Concepts for Effective Leaders and Managers
By Leo Sun
Most people are natural followers most of their lives. They wait for instructions and expect leaders to tell them what to do. However, once a follower suddenly becomes a leader, then the perspective changes so quickly that few are able to cope effectively. As a result, the stereotypical horrible bosses emerge out of magnified personality disorders—the bully, the wimp, the mouthpiece, and the psycho. We’ve all seen these with our managers at one point or another. If you find yourself suddenly placed in a management position, what are the basic concepts of management that you should master, if you wish to avoid being labeled as one of the above?
As a manager, you should never expect your subordinates to perform tasks that you are unwilling to do by yourself. If you are asking for your employees to take Saturday shifts, work several Saturdays as well to show that you’re not placing yourself above them or the company. If upper management hands down mandates that you don’t personally agree with, you should never show your personal dissatisfaction to your staff, which will encourage your subordinates to behave in the same negative manner. Rather, learn to spin negative news to make the glass appear half full rather than half empty. You should realize that all your employees will mirror your attitude and behavior to some degree, as you are the model of “acceptable behavior” in the workplace.
Consistency is key to successful management. As a manager, when you set the rules, they can’t be broken—not even by your top employees or by yourself. Punishing your favorite employees or yourself for rule violations sends a loud, clear message—no one is exempt, and the rules are final.
Enough talk of military style strictness. Positive reinforcement is also a valuable tool in successful management. Ben Franklin famously stated, “Tart words make no friends; a spoonful of honey will catch more flies than a gallon of vinegar.” While you need to discipline employees for underperforming, you should also reward and compliment them when they impress you. Positive behavior needs nurturing, and letting them taste honey is far more effective than force feeding them vinegar.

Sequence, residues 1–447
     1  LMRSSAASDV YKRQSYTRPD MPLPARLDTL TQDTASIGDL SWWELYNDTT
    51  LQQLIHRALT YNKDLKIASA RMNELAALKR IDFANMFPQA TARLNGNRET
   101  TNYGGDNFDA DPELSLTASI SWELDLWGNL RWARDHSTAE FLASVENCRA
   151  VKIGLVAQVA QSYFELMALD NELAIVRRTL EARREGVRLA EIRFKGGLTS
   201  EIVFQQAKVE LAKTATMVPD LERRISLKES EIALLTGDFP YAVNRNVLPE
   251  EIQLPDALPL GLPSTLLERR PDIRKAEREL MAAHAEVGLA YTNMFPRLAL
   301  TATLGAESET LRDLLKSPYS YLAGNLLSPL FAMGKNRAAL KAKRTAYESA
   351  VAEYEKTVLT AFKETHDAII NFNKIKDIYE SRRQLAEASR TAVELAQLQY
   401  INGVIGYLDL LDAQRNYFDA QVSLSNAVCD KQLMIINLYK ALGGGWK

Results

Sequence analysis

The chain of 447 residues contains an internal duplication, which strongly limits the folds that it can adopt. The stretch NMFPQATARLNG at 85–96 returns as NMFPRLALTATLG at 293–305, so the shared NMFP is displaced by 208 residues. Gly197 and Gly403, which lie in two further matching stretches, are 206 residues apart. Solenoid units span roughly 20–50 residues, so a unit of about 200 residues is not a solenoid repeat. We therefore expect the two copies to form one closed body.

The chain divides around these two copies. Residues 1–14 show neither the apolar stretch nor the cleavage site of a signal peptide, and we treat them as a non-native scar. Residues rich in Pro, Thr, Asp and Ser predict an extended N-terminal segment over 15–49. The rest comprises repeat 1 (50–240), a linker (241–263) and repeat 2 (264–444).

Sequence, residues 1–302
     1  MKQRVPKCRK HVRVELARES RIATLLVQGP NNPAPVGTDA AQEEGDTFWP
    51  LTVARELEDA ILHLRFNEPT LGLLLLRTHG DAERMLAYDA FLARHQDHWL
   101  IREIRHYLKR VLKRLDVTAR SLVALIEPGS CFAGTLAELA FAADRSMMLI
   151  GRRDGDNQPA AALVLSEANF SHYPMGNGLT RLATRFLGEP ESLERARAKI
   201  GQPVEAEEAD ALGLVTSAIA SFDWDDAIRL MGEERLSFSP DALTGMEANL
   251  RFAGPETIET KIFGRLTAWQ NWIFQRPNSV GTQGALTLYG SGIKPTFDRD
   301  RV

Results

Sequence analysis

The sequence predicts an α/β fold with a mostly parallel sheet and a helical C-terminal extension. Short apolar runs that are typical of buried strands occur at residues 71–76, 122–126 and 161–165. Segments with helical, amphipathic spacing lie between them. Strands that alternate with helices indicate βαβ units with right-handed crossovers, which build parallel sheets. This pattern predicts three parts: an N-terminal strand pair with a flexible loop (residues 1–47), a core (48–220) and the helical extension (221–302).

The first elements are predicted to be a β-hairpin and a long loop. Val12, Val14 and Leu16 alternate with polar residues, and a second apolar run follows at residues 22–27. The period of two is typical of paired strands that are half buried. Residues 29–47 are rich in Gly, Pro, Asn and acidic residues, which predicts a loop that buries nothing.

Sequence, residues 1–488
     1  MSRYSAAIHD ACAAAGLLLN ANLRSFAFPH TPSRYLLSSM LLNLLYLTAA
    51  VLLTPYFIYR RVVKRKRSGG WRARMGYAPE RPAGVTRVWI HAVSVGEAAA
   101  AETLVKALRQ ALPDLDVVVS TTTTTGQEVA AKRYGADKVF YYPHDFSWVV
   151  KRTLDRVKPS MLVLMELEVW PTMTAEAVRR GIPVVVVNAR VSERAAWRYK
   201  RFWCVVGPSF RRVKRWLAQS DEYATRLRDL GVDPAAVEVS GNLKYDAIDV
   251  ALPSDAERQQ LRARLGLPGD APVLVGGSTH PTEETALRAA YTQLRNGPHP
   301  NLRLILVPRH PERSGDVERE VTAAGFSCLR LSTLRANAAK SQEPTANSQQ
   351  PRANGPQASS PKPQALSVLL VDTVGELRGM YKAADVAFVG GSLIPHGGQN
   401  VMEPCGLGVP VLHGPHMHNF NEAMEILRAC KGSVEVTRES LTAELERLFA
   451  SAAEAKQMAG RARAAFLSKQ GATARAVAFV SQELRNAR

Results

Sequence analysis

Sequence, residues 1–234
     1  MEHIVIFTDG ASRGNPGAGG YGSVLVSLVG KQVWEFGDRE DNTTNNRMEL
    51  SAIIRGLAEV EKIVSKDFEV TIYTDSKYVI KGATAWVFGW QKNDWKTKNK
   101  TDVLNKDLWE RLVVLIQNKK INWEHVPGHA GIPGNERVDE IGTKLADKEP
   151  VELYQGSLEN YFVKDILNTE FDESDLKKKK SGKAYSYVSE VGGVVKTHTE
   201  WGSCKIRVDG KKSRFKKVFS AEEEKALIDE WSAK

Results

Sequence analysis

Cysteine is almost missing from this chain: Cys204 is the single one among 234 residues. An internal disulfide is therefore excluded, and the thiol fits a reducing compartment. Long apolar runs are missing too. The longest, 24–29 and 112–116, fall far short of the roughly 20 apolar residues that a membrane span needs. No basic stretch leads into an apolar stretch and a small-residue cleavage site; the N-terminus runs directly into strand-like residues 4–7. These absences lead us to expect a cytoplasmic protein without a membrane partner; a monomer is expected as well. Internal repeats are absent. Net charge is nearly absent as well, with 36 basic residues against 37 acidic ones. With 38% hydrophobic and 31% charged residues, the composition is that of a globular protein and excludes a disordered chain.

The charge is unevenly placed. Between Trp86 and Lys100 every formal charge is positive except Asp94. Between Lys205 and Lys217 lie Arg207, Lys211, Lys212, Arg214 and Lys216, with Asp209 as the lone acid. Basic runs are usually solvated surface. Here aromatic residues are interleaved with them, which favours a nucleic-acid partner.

The popular Yes Sandwich—in which a manager leads with a compliment, sandwiches in the negative comment, then closes with a second compliment—is a popular example of Franklin's philosophy. While the request for improvement was received, the employee doesn't feel insulted in the process.
The Perp Walk
However, we can't always afford to be nice. There are some employees that Yes Sandwiches are repeatedly wasted on. In these cases, the Perp Walk, popularized by former New York Mayor Rudy Giuliani, is a good way to fire troublesome employees and make a strong point at the same time. Giuliani believed in publicly humiliating criminals, by parading them in front of the media for photo ops. This lack of subtlety sent a clear message—that no one was immune to the long arm of the law. Famed director Orson Welles would also fire one employee at random on the first day of shooting in a public and humiliating way to send a message to his other employees—if they wanted to keep their jobs, they'd better respect his decisions.
As a manager, publicly fire poor employees, in full view of the staff. Never mince words or discuss it behind closed doors, or tell the other employees that they left for "health reasons." Firing an employee is never good for the company, but if it's necessary, you can at least use the firing to motivate your employees to stay on task.
Evolve as a Leader
Being all of these—the office patriarch, the good cop, and the bad cop all at the same time—is never easy. That's why there are endless books written on successful office management. Don't be rigid, but stand your ground and evolve your management style through trial and error. No one ever said it was going to be easy.
Leo Sun is long-time market follower and finance writer. He regularly contributes to BusinessDictionary as well as the InvestorGuide Stock of the Day analysis.
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